I do not think that I am original in most of my blogs here, but I do not pretend to be so and at least I mention my sources, as every reader can check, and lack of originality is not a crime. But when I considered my recent blogs on knowledge again today, I had to think of the case of this Dutch ex-Prof. Stapel. Let’s suppose that looking for inspiration for my blogs I read an article by Stapel and, since his falsifications had not yet come to light, I had good reasons to think that the research in the article was real and that the data were correct. Also the argumentation in the article was okay, so that I could endorse his conclusion that A was the case. Therefore, given my definition of knowledge as methodically justified interpreted belief (see my blog dated Nov. 14, 2011), one could say that I knew then that A was the case. But, in view of what we know now about Stapel, can we still say that I then knew it? I think so, for then the conclusion was methodologically justified for me, and for many other people too, although not for ex-Prof. Stapel. However, now it is no knowledge any longer. Does this now mean that afterwards I have to change the idea that then I knew it?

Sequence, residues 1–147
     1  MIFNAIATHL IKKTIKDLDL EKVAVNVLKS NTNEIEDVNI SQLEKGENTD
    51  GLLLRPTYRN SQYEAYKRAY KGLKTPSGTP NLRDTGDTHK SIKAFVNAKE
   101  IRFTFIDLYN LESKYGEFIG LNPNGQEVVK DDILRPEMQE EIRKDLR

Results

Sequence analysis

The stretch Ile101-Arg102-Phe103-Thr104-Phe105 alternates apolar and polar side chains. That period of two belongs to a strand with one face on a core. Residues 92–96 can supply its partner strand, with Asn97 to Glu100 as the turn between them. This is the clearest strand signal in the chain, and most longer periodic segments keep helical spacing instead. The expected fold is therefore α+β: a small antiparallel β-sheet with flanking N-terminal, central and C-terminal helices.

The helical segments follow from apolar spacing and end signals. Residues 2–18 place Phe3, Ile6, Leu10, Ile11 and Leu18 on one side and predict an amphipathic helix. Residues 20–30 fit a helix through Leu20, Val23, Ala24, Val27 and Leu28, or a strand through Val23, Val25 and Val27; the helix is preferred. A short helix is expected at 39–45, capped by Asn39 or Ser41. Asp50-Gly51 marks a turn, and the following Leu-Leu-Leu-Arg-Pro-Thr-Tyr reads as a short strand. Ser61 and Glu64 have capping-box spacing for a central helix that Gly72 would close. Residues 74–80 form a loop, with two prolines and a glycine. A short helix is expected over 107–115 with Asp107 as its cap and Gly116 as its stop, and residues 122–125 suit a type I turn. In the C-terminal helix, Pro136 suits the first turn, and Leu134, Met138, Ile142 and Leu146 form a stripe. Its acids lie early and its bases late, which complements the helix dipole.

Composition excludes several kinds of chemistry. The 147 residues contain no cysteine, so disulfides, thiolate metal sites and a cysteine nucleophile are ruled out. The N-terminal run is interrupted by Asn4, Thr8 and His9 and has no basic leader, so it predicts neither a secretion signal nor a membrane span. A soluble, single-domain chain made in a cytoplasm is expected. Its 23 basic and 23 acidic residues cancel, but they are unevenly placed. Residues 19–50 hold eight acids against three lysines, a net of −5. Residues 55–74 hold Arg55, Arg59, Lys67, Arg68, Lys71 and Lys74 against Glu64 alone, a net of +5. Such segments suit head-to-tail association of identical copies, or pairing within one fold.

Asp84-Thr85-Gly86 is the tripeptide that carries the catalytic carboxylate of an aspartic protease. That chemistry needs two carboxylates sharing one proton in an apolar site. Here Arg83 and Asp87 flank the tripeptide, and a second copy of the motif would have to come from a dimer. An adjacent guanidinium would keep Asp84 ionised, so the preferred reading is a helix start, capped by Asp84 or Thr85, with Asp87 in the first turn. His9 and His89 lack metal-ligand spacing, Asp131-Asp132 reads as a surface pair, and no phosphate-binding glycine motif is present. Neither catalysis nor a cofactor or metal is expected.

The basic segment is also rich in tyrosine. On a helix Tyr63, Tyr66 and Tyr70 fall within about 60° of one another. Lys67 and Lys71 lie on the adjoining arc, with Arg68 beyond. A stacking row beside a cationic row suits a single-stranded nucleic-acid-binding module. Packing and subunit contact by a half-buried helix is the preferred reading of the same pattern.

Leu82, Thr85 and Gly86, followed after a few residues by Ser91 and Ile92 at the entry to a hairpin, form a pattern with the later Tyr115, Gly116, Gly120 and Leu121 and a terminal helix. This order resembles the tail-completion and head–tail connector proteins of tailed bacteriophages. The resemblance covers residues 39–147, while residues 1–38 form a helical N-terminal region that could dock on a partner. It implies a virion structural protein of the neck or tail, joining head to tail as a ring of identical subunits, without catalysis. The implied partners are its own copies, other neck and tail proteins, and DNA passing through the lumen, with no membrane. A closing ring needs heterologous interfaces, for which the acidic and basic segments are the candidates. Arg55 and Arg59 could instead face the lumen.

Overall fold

One can defend that the “knowledge” in Stapel’s article has never been any knowledge at all, but in a certain sense what happens here is not so different from what normally happens in science, apart from that normally knowledge is not fabricated. For instance, we have an idea about something in reality, like that on average poplars are higher than oaks. We gather data in order to test the idea, for example by measuring 100 mature poplars and 100 mature oaks around here where I live and comparing the average lengths of both. Then we can say that we know now that on average poplars are higher than oaks. But usually things are often not as simple as that. In the days of Galileo most people thought that the sun turned around the earth, but Galileo showed that it was the other way around. So, did we get a change in knowledge? However, before Galileo people had good and sincere reasons to think that they knew that the sun turned around the earth, and this knowledge hadn’t been fabricated, so if you asked someone what s/he knew about the earth and the sun, you got the answer “the sun turns around the earth”. And today we are in the same situation: We think that we know a lot and probably we do, but for every piece of knowledge it is quite well possible that sooner or later someone will say: well, I developed a new research method which is better than the old ones (just as Galileo used a telescope for studying the sky, which was new in his days) and I have applied it and my conclusions are different. The upshot is: fabricated knowledge is false, it’s true (unless by chance the fabrication happens to correspond to reality), but it is not so that what we sincerely and in a methodically justified way think to know is true, even not for us, as the Galileo case shows. Only the chance it is is bigger. And to enhance this chance, that’s what science and the humanities are about.